Chicago Tribune from Chicago, Illinois on January 29, 1985 · 10
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Chicago Tribune from Chicago, Illinois · 10

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Tuesday, January 29, 1985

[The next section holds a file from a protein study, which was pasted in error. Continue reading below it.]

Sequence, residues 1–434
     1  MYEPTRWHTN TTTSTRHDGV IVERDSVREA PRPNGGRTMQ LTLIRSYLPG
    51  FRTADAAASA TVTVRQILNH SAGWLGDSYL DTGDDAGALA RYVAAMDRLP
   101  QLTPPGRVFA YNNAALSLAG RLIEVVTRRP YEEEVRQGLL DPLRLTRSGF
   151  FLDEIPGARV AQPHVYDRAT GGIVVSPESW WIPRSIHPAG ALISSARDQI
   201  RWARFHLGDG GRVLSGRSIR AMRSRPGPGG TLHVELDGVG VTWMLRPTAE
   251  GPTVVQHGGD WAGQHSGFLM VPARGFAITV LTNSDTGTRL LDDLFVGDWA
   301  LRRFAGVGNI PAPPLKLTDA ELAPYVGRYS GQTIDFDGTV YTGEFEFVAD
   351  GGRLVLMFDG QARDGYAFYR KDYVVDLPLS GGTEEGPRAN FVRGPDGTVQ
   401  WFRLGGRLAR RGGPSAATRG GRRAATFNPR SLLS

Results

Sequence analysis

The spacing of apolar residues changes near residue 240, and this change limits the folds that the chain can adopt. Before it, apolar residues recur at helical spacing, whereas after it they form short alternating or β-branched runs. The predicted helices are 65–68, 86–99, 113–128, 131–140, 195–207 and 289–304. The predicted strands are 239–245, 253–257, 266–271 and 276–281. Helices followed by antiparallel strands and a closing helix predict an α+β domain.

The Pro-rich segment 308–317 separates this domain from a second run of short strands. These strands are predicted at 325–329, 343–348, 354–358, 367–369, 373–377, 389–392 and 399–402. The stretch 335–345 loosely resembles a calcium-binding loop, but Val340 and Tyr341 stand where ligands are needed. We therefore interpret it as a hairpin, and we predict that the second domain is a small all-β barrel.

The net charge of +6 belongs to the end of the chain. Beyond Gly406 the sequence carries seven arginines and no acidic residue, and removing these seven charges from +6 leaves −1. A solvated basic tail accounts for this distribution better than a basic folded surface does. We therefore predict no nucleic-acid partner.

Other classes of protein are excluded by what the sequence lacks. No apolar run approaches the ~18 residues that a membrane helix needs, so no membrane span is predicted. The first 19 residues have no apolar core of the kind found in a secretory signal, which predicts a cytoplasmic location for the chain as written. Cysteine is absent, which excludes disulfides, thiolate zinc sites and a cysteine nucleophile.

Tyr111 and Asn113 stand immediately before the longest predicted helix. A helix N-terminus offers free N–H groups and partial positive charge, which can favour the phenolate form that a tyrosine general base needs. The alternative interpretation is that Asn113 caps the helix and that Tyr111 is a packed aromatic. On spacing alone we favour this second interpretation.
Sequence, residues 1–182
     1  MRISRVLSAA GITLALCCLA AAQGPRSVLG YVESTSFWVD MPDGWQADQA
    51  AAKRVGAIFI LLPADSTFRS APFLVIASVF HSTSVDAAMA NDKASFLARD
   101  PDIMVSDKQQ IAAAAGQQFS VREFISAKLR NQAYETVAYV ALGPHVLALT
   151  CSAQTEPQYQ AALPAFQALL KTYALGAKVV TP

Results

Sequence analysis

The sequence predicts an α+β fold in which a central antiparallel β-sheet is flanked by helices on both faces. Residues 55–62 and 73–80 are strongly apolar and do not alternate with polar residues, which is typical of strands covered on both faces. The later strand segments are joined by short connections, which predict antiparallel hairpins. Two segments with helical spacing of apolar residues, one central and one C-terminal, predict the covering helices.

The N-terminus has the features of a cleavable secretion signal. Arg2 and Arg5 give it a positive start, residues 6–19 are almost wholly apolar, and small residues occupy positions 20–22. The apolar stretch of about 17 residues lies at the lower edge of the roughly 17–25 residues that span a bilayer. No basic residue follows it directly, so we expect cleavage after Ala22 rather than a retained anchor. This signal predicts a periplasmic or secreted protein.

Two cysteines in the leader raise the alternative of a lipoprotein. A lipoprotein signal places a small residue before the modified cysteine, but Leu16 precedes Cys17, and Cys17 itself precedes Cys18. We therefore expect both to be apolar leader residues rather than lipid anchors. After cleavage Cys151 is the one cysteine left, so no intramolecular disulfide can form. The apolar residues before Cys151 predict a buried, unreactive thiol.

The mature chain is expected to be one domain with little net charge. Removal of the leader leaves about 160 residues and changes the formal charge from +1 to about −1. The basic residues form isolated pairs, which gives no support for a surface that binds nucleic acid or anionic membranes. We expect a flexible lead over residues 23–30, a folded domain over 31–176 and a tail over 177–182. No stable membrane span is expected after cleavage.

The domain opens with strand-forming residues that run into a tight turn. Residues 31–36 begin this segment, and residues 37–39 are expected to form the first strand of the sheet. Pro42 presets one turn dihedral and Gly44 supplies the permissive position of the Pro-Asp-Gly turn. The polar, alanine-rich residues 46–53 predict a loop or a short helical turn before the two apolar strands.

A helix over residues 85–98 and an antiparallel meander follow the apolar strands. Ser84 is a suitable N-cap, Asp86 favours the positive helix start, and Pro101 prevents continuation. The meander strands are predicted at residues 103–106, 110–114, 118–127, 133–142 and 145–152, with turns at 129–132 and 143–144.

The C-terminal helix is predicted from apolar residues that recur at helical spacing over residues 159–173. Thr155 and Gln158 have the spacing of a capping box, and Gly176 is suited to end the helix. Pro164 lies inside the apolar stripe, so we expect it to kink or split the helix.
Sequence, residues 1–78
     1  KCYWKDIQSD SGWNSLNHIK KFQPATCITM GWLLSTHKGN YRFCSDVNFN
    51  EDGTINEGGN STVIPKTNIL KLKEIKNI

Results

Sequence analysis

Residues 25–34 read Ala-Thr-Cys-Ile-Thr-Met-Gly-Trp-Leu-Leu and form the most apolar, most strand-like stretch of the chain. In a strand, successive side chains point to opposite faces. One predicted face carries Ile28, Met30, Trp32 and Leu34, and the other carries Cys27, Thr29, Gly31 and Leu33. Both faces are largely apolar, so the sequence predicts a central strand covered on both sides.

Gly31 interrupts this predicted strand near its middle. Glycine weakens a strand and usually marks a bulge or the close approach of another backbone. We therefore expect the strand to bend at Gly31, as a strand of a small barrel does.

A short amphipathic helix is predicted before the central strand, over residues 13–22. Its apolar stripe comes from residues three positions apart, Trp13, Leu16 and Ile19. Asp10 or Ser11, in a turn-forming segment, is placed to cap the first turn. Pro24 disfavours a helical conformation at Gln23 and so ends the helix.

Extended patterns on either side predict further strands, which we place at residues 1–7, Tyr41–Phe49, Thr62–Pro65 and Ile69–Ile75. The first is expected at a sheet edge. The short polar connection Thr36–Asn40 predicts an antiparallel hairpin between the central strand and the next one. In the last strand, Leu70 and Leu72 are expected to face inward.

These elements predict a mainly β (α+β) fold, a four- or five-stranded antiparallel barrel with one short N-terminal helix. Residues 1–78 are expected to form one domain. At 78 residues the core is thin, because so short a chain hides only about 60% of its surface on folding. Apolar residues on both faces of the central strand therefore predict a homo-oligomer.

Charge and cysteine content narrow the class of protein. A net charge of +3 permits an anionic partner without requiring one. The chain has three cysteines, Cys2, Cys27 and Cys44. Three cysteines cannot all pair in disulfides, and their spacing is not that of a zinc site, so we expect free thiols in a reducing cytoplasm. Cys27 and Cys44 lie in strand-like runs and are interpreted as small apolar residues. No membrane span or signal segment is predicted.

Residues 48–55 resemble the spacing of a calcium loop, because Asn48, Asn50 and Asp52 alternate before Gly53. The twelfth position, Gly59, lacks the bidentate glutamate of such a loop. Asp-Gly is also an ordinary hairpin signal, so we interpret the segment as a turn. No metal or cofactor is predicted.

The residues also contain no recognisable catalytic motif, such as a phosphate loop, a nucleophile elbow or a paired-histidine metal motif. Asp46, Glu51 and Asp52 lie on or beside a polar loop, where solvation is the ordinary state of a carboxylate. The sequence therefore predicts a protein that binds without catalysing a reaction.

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10 Section Chicago Tribune, Tuesday, January 29, 1985 From Page 1 City on the make is somehow making it against all odds By Vincent J. Schodolski Chicago Tribune MEXICO CITY It's not easy living in a city with 17 million other people. It becomes a bit harder when the city is a mile and a half above sea level, where there is 25 percent less oxygen. It becomes harder still when what remains available for breathing is trapped by a ring of mountains, thereby ensuring that much of the pollution belched into the air settles as a pale gray cloud that stings the eyes and parches the throat. A few days ago a report from West Germany's industrial Ruhr Valley said a state of emergency had been declared, factories closed and people told to stay indoors because air pollution had reached levels that -were considered so high that they endangered human life. The same day, Mexico City newspapers pointed out that their city's pollution, measured on a similar scale, was 100. times worse. Urban sprawl has gobbled up all arable land in the vast, dry lake bed that makes up the Valley of Mexico, so everything has to be trucked in over the nearby mountains. Except in the months of the rainy season, there is a chronic shortage of water. IP" htoxtool HEXICO 1. .M -1 f w " I mm t I fik. . r.nuinmim 1 MB JUUU LIIY PacSm Ocean Assignments Mexico City Needless to say, the people who try to keep Mexico City going have their work cut out for them. Their efforts to persuade people to keep the city clean took a new twist recently with the opening of a garbage exhibition at a local museum. Visitors were greeted with piles of garbage, trash hanging from the ceiling, a cage full of well-fed rats and statistics showing that Mexicans dispose of more organic, textile and plastic waste than the entire population of the United States. Unless something is done to reverse birthrates further and to stem the tide that has brought millions of people to the capital, its population almost certainly will reach 26 million by the end of the century. . As one measure to slow the growth, the federal authorities announced a massive plan to decentralize the government by relocating various ministries and government departments in other parts of the country. Initial reactions were almost universally negative. One group of government workers locked themselves in their offices, refusing to leave until an order to move their department from the capital was reversed. One reason many government workers don't want to leave is simply that Mexico is not a mobile society. Another, and perhaps more important, reason is that many government employees have second jobs in the city to make ends meet and are reluctant to give them up. Despite the problems they encounter in the city, many Mexicans find that it is only here, away from rural poverty, that they have any chance of improving their economic situation. Many of those who find a job will be paid no more than the minimum wage of about $5 a day. Others drift, into the streets, some to beg, some offering to do what they can to support themselves in a country where an estimated 40 to 45 percent of : the people do jobs that are greatly below their abilities and for which they are grossly underpaid. Thus the proliferation of shoeshine men, out-of-, tune drum and bugle bands, Indian families selling handmade dolls arid small children who rush to wash auto windshields, sometimes while the cars are still moving. There are also jugglers and fire eaters, the latter clearly identifiable by the burns on their cheeks and mouths. Despite the crush of people, the polluted air, the shortages and the inadequate city services, Mexico City finds its own ways of surviving. Considering the odds against it, the place does pretty well. Compared with many other Third World capitals, it shines. Private messengers supplement the erratic mail service. Houses have individual cisterns to guard against water shortages. Many communities organize their own police services, sometimes street by street, in a city where burglary is rampant and policemen's devotion to duty suspect. The Mexico City policeman, especially the traffic cop, has a bad reputation. A traffic violation, real or imagined, is likely to be settled with a bribe of $2 to $10. An accident will cost a great deal more and since most Mexican drivers are not insured, a quick settlement on the spot is the only choice. One morning in the midst of rush hour traffic on the capital's broad central boulevard, the Paseo de la Reforma, a burly motorcycle policeman ordered a newly arrived resident of the city to pull over. "You just went through a red light," the officer said. After trying to explain that was not the case, and pointing out the rows of cars that crossed the intersection behind him, the new resident realized his moment of initiation to Mexico City's world of de facto traffic laws had come. "You are going to have to follow me to the police station right now and pay a fine of 4,000 pesos about $20," said the policeman. "It is a long way, so I hope you have plenty of time." When the captive motorist explained he had an appointment in 10 minutes, the officer went into what appeared to be a well practiced routine. "Well, what could we do? Well, this could be handled discreetly," explained the officer. "Ah, yes discreetly. What do you suggest," said the motorist. "Talk to me, my friend," said the policeman. "I'm new in town, sir, I don't know what to say." "Say anything, my friend," he responded. ' "Say a thousand pesos?" ventured the driver., "Say 2,000," smiled the policeman. "Hand it to me with your license. Behind the license." Ten dollars later the incident was over, and the policeman was telling his prey that he hoped he had time to make his appointment. EPA plan overhauls toxic clean-up rules From Chicago Tribune trim WASHINGTON The Environmental Protection Agency proposed major changes Monday in its guidelines for cleaning toxic-waste dumps in an effort to hasten the process and define how clean the sites must be. Environmentalists immediately called the proposal too weak. The EPA said the proposed changes would allow it to use "common-sense remedies" to eliminate or reduce the danger of hazardous waste or toxic spills. William Hedeman, director of the agency's Office of Emergency and Remedial Response, blamed red tape for slowing the removal of such hazards as leaking drums or disposal pits. Rapid action is allowed only when there is an imminent threat to people in the area "a screaming emergency,"1 as Hedeman put it. The new rules would allow the agency to "stabilize" a potentially dangerous site without first obtaining 10 percent of the clean-up cost from the government of the state where the dump is located, as is now required. The new rules also would allow the agency to begin removing hazards without first going through the lengthy, expensive planning process now mandated. The Environmental Defense Fund, however, said the proposed changes "failed to provide adequate protection of human health and the environment from the dangers posed by hazardous-waste dumps." . Linda Greer, a scientist with the environmental group, said the recommended changes did not go far enough to upgrade the regulations and failed to provide "an objective clean-up baseline to be used at dumps across the nation." Under the proposal made public Monday, the agency would be able to add dumps requiring immediate attention to its "national priority list" even if the sites did not meet all the present criteria. There are 786 sites on or proposed for the priority list. The Comprehensive Environmental Response, Compensation and Liability Act of 1980 set up a five-year $1.6 billion fund, with money from a tax on chemicals, to clean hazardous-waste sites and spills. The agency draws up the priority list to determine where the money should be spent. Congress is expected to reauthorize the law this year and provide more money. The changes also would allow toxic hazards on federal facilities, such as military bases, to be included on the priority list. The proposal will be submitted at public hearings for 60 days before it is adopted. 4,V ' -if in ' ' v ' K - AP Laserphoto Persistence pays off Polish refugee Waldemar Szreder gathers his wife, Anna, and their 2V2-year-old-daughter, Dominika, in a welcoming embrace upon their arrival at the Seattle-Tacoma Airport. Szreder had petitioned Polish authorities for two years and was rejected 10 times to let his family join him, "The first thing we will do is go home and talk and talk," Szreder said. . Valdes Continued from page 1 week's hearings, the judge said that ordering Valdes reinstitu-tionalized "would be a bowing to the hue and cry of the public for blood." "I am not the public's avenger, and I am not going to permit this court to be used as a sword of public vengeance," he said. At the hearings, two pys-chiatrists, although differing in their assessment of whether Valdes is dangerous, agreed that he should be hospitalized for an evaluation of his mental state. De- spite this, Strayhorn ordered Valdes' immediate release from the jail. Valdes is a diagnosed paranoid schizophrenic who told authorities that he killed to bring attention to his astronomical theories, which involved the notion that the sun revolved around the earth in one day. Dr. Rivers testified last week he did not consider Valdes actively psychotic. But Dr. Robert Reifman of the Cook County Psychiatric Institute testified as a state witness that he believed that Valdes had deteriorated to the point where -he should be reinstitutionalized. "My impression is that he . . . poses a danger to others," Reifman testified. "Specifically his' wife." It was also revealed that in the time Valdes went without psychiatric care he filled out an application for gun registration; his wife filed for divorce and he moved out of their Melrose Park home; on his birthday, a man phoned and taunted him by saying that his wife was with another man; and his wife notified authorities that her husband had phoned her to say that she had signed her "death sentence." In chambers after his ruling, Strayhorn discounted psychiatric testimony suggesting that Valdes was deteriorating because of the stress of his family life, particularly his divorce. "I think he is handling the stresses of his divorce better than a lot of people who have never been psychopathic," the judge observed. The judge said he had no doubt that Pompey Valdes felt threatened by her husband's alleged remark, but that he tended to believe otherwise in the context of all the testimony he heard. "I was looking at him when he testified, very closely," the judge said. "He was alert, he was not nervous, and his hands, they were quiet on his lap. There was no apparent stress or strain . . . there was nothing wrong with that man." The state had argued that Valdes was a danger and needed to be reinstitutionalized in a maximum security mental health facility in Downstate Chester. Valdes, who sat expressionless throughout the series of hearings, rose to his feet and thrust his . hands into his pockets after the , judge announced his findings. "Thank you, your honor," Valdes said as he walked through the courtroom. Stadium Continued from page 1 , Stouffer Co. The other site, about 120 acres, is near the junction of I-290 and Thorndale. The plans being discussed would have the White Sox construct a stadium and Du Page county construct a civic center. Construction of the stadium could be subsidized with industrial development bonds and the civic center could be funded with state racetrack receipts or county revenue bonds, according to Du Page sources. "Heavy discussions have been going on," said Ronald Lunt, partner in charge of Trammell Crow's Chicago operation. "This isn't something we're promoting, but it would be nice to have a convention center here." Those involved in the discussions, according to Lunt and Du Page officials, include Einhorn, Du Page County Board Chairman Jack Knuepfer, Illinois House Minority Leader Lee A. Daniels R., Elmhurst and Allan Hamilton, senior managing partner for Trammell Crow's Great Lakes region. Lunt said the convention center idea is being pushed by the Greater Woodfield Convention Bureau, an organization representing 22 communities in Du Page and Cook Counties to promote development of the area surrounding Woodfield Shopping Center, which lies several miles north of the two proposed sites on I-290I11. Hwy 53. Einhorn reportedly has been looking at two or three sites in the Schaumburg-Itasca area for the last year. "There's been a great deal of speculation about a civic center site coupled with a sports stadium," said Thomas Rivera, president of the Greater Woodfield group. "It's become' difficult in the past three months to divorce the two because of the White Sox interest. "The Trammell Crow property is exceptionally good for what's being talked about," primarily because of its relatively central location among western .and northwestern suburbs and its surrounding highway system, he said. Einhorn and White Sox co-owner Jerry Reinsdorf downplayed the discussions. "You're going to start hearing about it. You're going to start hearing a lot of speculation. The dynamics are in place for a new stadium," Einhorn said. "But we're better off not commenting on every plan, every, scheme that comes down the line," he said. "How many times can we say we have a lovely old ballpark? ouic we iuvc ii wiiuc we ic in u. . vui mm me iuv.Il,. ng nui j veil . goes by, it gets a year older and it's already 75 years old." Robert Raymond, a Du Page County board member and chairman of the board's County Development Committee, said, "Jack Knuepfer has been meeting with the Trammell Crow people for a while now." Raymond's committee is handling plans for the proposed civic center. "This is way off, but we will aenniteiy go alter it, he saia. , j Raymond said Du Page officials believe that a stadium-civic center . complex would generate substantial amounts of sales tax and amusement tax revenue. "And just like the McCormick Place building, it can attract a lot of business to the area." He said legislation would be needed for the county to fund construction of the civic center with racetrack receipts. The complex could be used by Daniels and State Sen. Minority Leader James "Pate" Philip R., Elmhurst, Du Page Republican chairman, as a bargaining chip when Chicago Democrats and Gov; James Thompson try to secure permanent funding for the Chicago 1992 World's Fair. In June Daniels and Philip pushed through legislative approval to build a North-South Tollway in Du Page and to restructure the Du Page Water Commission in exchange for temporary World's Fair funding. But Raymond and other Du Page politicians are uncertain that Chicago would acquiesce in a suburban move by the White Sox or any other Chicago team. "I don't think Chicago would let the Bears, Sox and Cubs get out of town," Raymond said. Another Du Page politician suggested that the Einhorn negotiations are nothing more than subterfuge. "This is riothing more than an attempt by the White Sox to force the city and World's Fair Authority to come up with a stadium," he speculated, taking note of the talk to link a new possibly domed-Chicago stadium to World's Fair plans. i4so contributing to the story were Daniel Egler, John McCarron and Skip Myslenski. Budget Continued from page 1 President's budget dead on arrival. "The big thorn, the big sticking point, is defense spending," Heinz said, joining a growing chorus of Republican voices predicting a battle on the issue between Reagan and his allies on Capitol Hill. Sen. Bob Packwood R., Ore., chairman of the Senate Finance Committee, said most Senate Republicans sided with the insistence by Senate Majority Leader Robert Dole R., Kan. that further cuts be made in defense spending. But Heinz predicted that Reagan and Defense Secretary Caspar Weinberger, after vowing over the weekend to reject Dole's call for increased trims in defense spending, "probably won't change their stripes." Weinberger seemed to reinforce that Monday night when he delivered a nationally televised speech against any move to "shortchange" the nation's military buildup as a way to reduce the federal deficit. In an address that was unusual, for a Cabinet officer, Weinberger said any large reduction in defense spending would rob the U.S. of negotiating leverage with Moscow and cost Americans 35,000 jobs for every $1 billion cut. "The Soviets will be watching," he warned. In the meeting with GOP lawmakers, Reagan also sought support for his controversial tax-simplification reforms, which are expected to be sent to Congress in March or, April but which are likely to remain on the back burn-' er until the deficit crisis is addressed. Packwood said Reagan appeared to agree with Senate Republican proposals to tackle a spending-reduction bill before submitting his long-promised proposal to reform and simplify tax rates. "I think it will be several weeks, a month or two, before a tax-reform bill is even drafted," Packwood said. In his initial confirmation hearings last week, Treasury Secretary-designate James Baker, the White House chief of staff, said the administration would pursue both goals simultaneously. But Packwood said Reagan "understands" that "many allies on spending cuts will be enemies on tax reform" and that crucial support for deficit reductions would be drained if the legislative showdown were fought on both fronts at once. Heinz cautioned that without major changes, however, even the I Guide tells U.S. climber's ordeal KATMANDU, Nepal UPI A Nepalese mountain guide said Monday that he and the wife of an American climber who died of altitude sickness on the world's third-highest peak were unable to drag the body off the mountain, so they buried it in an icy grave. "We tried our best to bring the body off the mountain but could not. Our hands and feet were fro zen," Mangal Singh Tamang, 27, said from his bed in a hospital where he was being treated for frostbite. Saturday, the Nepal Tourism Ministry said Tamang and the climber's wife, Louise Kemp, tried for four days to drag the body off 28,208-foot Mt. Kanchenjunga in west Nepal. Tamang denied the ministry's report, saying he and Kemp were able to pull the body of Chris Chandler, 36, of Sausalito, Calif., less than 1,000 feet before they had to give up. The ministry had no comment on Tamang's story. "We dug a pit and put him there," said Tamang, whose fingers, toes and nose were blackened by frostbite. Tamang was working for Chandler and Kemp, 39, of Kirrawee, Australia. Sen. Robert Packwood tax-simplification plan would be "dead on arrival" in Congress. "The tax bill now is proconsump-tion, antisavings," Heinz told reporters. "Unless that's changed, it will be antigrowth" and unlikely to gain approval. Senate GOP leaders said that Social Security cost-of-living allowances might be frozen, despite Reagan's campaign promises to protect the politically touchy benefits from reductions. Reagan later backed off on Social Security. 1 V ' Playskool Continued from page 1 open. The workers' protest was based partly on the feeling that Hasbro .was abandoning 700 longtime and productive workers in search of employees who would work for a lower wage. The agreement is expected to be announced at a press conference Tuesday by Mayor Harold Washington and Stephen D. Hassenfeld, chairman of Hasbro Bradley. The announcement was scheduled for Monday, but was delayed 24 hours when the workers' union raised objections. According to the sources, Hasbro will keep the factory open for most of 1985 and will continue to employ most of the 120 workers still on the job. In the meantime, the city and Hasbro will launch joint programs to find new jobs for displaced workers, with Hasbro funding a media campaign and other programs expected to cost it about $300,000. Susan Rosenblum, spokesman for the West Side Jobs Network,, which had coordinated the boycott, said that "once the settlement is official, I'm pretty sure we'll accept it, so the boycott will be over." The Retail, Wholesale and Department Store Union, which rep- resented the Playskool workers, forced the delay when it questioned whether it would continue to represent the workers at the factory under terms of the 1985 contract. Union representative. Nick Jones said Hasbro agreed to, these terms and the union objections had been dropped. Under the agreement, the city recognized Hasbro's right to close , the factory and move its operations and Hasbro recognized its responsibility to its workers and to the West Side community around the factory. The sources said the city hopes to persuade another company possibly another toy company to buy the factory.